Your Questions About Paper Trading Options

Richard asks…

Feasible? (Options Trading)?

Hello

I started learning to trade options a few months ago.
Due to an overwhelming schedule, I’m still on my first few paper trades.

I know the basics about how things work,
I use basic methods of trend analysis (Elliot wave, moving averages) and I know in theory how to implement most strategies.

What kind of returns can most people expect their first year of trading?

And what place do some of the more advanced strategies (Iron butterflies, etc) have? I was told that most of the time the simple spreads and basic calls / puts bring in the most.

John answers:

Option trading do not expect to make big profits often. It is riskier than stocks and once in a while you might make a good return that is all. It was initiated as hedge instruments and later on shrewd investors figured out strategies to avoid loss. Professional traders do make decent profits but that is after long periods of time. My advice is you learn the dynamics of the option market thoroughly, the Options greeks, like delta, lambda, theta, vega and rho is a good starting point. Then you learn their charecteristics or graphs simly. Try to figure out the state of the market using this and predict where the market is going. Then do a sensitivity analysis of your possible trade on the spread sheat, find out the different gains and losses at different price levels and then find out the down side risk, upside potential, and maximum loss scenarios. Some strategies are self financing meaning you need to invest only little or nothing for a whole lot of trades when the market is in certain state. Study this and you will be able to trade better in options. Sometimes simple strategies will pay off. For example when the market is predicted to move up a call buy and a put sell will pay off. This is self financing for the same strike if you sell enough puts. But you should be sure. And sureity arises from your knowledge of Option greeks and knowledge about volatility like Implied and statistical volatility.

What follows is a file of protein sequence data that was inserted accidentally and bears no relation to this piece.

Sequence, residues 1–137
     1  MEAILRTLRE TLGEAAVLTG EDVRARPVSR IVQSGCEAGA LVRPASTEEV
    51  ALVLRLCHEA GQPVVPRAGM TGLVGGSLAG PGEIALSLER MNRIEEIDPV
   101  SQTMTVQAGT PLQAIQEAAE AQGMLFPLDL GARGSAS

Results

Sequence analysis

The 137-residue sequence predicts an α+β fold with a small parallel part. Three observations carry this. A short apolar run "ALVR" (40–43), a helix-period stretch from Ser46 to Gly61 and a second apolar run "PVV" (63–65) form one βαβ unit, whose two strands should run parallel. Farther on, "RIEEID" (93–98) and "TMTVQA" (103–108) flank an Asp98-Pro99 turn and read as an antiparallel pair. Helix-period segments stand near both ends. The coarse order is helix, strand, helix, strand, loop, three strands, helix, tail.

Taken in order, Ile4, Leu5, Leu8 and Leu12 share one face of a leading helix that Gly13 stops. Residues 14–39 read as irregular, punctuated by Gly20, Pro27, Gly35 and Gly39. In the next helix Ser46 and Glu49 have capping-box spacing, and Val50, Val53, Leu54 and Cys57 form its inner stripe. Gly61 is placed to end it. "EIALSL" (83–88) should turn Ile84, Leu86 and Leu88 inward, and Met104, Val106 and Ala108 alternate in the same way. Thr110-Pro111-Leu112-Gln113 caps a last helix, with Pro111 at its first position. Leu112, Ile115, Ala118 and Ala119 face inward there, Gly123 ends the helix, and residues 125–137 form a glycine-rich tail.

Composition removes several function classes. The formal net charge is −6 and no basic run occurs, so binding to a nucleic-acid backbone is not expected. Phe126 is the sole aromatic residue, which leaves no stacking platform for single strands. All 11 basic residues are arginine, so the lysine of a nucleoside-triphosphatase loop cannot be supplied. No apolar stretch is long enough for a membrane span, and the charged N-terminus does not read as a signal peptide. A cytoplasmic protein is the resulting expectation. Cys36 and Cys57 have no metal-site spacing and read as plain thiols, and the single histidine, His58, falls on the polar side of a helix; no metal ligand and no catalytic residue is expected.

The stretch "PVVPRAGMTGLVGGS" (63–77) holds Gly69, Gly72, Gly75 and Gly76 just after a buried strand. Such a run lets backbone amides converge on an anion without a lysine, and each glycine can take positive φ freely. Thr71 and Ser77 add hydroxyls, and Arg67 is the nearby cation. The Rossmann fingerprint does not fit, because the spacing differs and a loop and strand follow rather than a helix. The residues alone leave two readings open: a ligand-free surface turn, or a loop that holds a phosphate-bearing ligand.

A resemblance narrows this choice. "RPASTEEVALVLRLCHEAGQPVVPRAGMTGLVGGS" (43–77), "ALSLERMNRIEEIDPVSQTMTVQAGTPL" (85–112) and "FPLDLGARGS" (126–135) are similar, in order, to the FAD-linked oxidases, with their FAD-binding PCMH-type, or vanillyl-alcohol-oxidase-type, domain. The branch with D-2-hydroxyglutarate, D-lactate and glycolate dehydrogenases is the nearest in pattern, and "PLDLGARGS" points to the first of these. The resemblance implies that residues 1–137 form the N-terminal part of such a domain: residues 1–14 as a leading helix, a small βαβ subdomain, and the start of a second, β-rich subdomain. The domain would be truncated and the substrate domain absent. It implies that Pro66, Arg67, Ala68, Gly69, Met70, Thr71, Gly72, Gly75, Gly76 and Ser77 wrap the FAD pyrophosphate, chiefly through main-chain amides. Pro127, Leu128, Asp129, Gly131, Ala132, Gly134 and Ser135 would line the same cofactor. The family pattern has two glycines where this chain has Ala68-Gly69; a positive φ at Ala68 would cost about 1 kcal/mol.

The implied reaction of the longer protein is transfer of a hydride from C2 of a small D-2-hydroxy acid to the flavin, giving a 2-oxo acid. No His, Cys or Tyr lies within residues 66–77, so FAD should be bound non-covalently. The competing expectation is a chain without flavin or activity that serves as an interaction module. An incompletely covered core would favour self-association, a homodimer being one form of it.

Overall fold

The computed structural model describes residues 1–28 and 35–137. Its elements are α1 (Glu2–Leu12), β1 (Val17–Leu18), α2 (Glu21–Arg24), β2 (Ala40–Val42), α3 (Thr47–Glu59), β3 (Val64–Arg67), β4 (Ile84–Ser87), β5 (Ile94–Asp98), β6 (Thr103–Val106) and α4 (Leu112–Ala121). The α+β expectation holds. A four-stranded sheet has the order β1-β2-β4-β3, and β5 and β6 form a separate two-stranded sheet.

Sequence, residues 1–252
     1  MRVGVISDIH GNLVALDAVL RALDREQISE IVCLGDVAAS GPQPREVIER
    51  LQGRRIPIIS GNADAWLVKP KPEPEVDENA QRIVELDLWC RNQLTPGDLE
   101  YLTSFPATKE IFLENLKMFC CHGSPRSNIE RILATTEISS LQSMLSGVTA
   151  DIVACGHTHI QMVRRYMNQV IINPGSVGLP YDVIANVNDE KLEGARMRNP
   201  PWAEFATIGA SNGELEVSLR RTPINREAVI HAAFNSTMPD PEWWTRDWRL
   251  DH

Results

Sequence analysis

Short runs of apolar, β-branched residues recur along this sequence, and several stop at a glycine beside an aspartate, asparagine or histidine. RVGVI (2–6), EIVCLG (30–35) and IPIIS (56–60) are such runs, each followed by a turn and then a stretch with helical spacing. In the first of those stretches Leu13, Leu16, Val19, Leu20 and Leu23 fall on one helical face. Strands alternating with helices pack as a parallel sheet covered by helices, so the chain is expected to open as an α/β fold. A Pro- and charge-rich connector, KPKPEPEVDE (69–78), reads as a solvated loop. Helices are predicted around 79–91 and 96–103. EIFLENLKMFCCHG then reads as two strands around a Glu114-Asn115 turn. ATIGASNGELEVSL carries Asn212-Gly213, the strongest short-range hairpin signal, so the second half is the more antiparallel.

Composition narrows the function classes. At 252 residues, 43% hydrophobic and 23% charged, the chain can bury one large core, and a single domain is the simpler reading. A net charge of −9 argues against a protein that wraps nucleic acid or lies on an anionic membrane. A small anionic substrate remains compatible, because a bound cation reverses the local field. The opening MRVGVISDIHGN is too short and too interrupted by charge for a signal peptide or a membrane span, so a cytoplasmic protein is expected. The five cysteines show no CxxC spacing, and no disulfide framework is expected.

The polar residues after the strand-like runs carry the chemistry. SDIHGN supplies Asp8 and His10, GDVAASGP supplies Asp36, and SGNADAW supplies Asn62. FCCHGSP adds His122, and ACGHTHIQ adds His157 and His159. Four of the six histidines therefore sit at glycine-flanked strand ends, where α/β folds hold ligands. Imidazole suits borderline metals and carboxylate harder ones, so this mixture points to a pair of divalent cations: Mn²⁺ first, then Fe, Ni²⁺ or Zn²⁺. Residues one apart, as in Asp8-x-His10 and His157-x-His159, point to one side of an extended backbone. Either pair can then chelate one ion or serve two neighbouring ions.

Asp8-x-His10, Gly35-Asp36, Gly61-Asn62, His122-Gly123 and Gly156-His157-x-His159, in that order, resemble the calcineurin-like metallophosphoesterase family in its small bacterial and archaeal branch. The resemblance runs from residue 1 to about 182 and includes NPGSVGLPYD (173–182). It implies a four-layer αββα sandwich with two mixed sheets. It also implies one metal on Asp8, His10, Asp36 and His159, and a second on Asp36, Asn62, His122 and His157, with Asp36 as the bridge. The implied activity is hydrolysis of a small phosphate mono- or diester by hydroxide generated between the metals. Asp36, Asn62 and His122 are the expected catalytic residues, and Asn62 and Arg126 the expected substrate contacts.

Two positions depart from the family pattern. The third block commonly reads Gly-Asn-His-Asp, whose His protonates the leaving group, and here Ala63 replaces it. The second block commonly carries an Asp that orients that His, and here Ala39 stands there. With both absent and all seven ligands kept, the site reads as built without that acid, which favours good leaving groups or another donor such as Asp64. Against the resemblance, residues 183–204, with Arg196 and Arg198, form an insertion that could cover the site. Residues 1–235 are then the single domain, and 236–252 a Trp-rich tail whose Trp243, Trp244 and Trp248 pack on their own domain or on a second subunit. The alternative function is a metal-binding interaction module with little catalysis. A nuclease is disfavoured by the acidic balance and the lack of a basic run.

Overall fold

Lisa asks…

Can you help me with stock options?

Ok, so as I am learning more and more about options I realize they are very confusing, but can be much more rewarding than stocks. I’m trading options with paper money to learn the ropes but need some help.

If I call AAPL (Apple Inc.) at a strike price of $90.00, and the option costs $2.34 and expires in Febuary 2009, and say before it expires AAPL goes to $100, how much profit will I have made?
I would be buying 1 option, which would cost me $232.
not $232, $234! sorry.

John answers:

If AAPL is at $100 at expiration your profit will be

($100-$90) – $2.34, or $7.66 per share or

$7.66 x 100 = $766.00 per contract.

If AAPL is at $100 prior to expiration your profit will be at least $7.66 per share ($766.00 per contract) but the exact profit cannot be determined without knowing the implied volatility and the number of days until expiration at the time.

(I excluded commissions, fees and bid-ask price slippage from my calculations, so your exact profit would probably be a little lower. I also ignored the comment that “I would be buying 1 option, which would cost me $232.” since if the option costs $2.34 you would pay at least $234.00 for one contract.)

Linda asks…

Which online trading firm has the lowest brokerage rates for cash (delivery) & intraday ?

I need details of online trading option (paper less), should have ability to transfer money instantly for increasing limits.